What brought all this to mind, in addition to the increasingly alarming news from China, was an article in last Sunday's New York Times: Six Food Mistakes that Parents Make, by Tara Parker-Pope. In it she tells of a child whose preschool diet consisted of chocolate-laced "meals" of all varieties (just as some friends of ours once fed their daughter pizza almost exclusively)--because that's all he would eat. It turns out to be easier to feed your kids whatever they want in the interest of feeding them something rather than nothing.

Having picky eaters at all is, of course, a reflection of an affluent society with an overabundance of choices. Starving children eat anything they can; only the rich have children who demand chocolate for breakfast. But almost every parent experiences some degree of food-fussiness, and Parker-Hope's article is full of great suggestions on how to avoid conflicts.

Most of the advice is common sense, however, and if we were less concerned with just getting our kids to eat, and more concerned about what we're teaching them about the role of food in their lives, we'd probably have healthier, less demanding children. Of course, they'd have less fun manipulating their parents, too--but I think it would be far more enjoyable to interact with kids by teaching them how to choose and prepare foods wisely than by trying to force them into patterns that can lead to decidedly unhealthful ways of viewing food in general.

For example, kids--like all human beings--are metaphor makers. If we tell them to eat one way, but eat another ourselves, they arrive at an inevitable conclusion: my mother's a liar. By following the diet du jour, but insisting that our children eat something different (a more "balanced" meal while we have at the Atkins packaged dinners), we're falling into the old "do what I say, not what I do" trap, which has no consequence other than to make parents look as if they have no control over themselves.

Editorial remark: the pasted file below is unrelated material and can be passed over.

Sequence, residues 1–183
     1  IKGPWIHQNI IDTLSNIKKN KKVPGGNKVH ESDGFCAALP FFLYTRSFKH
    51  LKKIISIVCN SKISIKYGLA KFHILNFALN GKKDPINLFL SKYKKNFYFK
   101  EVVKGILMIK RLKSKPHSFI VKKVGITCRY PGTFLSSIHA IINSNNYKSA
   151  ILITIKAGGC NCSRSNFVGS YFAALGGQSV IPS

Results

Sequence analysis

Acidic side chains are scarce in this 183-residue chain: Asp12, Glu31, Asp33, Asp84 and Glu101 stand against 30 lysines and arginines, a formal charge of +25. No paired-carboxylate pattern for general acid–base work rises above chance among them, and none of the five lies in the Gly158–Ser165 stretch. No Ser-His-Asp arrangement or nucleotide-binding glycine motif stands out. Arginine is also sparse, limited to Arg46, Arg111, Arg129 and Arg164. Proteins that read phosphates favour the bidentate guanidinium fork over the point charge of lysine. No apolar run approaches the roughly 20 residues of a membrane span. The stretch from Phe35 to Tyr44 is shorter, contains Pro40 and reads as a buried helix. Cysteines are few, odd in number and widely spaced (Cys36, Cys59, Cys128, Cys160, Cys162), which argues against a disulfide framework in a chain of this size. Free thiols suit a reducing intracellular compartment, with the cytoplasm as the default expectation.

My own biggest mistake was not being more generous in the kitchen; I tended to see it as my own domain, and seldom encouraged my kids to cook with me. Another was to follow a highly restricted diet, albeit for ethical and religious reasons. While my children were growing up I was a vegetarian; not only that, I kept a Kosher home, which further restricted the types of cheese and other products I bought for home consumption. I did have the good sense to pretty much let the children eat whatever they wanted outside of the house, but I knew the jig was up when they started hanging over the meat counter at the grocery store, drooling longingly over the steaks.

The compromise was happy chickens. I had abstained from meat not because I thought there was something morally wrong with eating it, but because I couldn't take the responsibility for killing it myself and therefore thought I had no right to eat it. The Kosher part was for community; I wanted any friends of any degree of Jewishness (or Gentility, as it were) to be able to eat at my table. Eventually, however, I realized that I could serve cold vegetable meals on glass plates to my Orthodox friends, and buy organic, free-range meat without suffering too much guilt. By that time, however, my children's habits were firmly in place, and I'll have to wait for grandchildren in order to do it right.

But anyone with small children can use mealtime as a teaching and learning experience, and not just about food. Maths can be taught through baking; history and geography can sneak into a meal based on a particular ethnic cuisine; even films and literature can provide foundations for a meal--through books like The Joyce of Cooking, the Nero Wolfe Cookbook, and It Came From the Kitchen. Art history's a natural: try constructing a meal based on a painting, or dive into recipes from one of the many artists who loved food: Vincent van Gogh, Frida Kahlo, Claude Monet.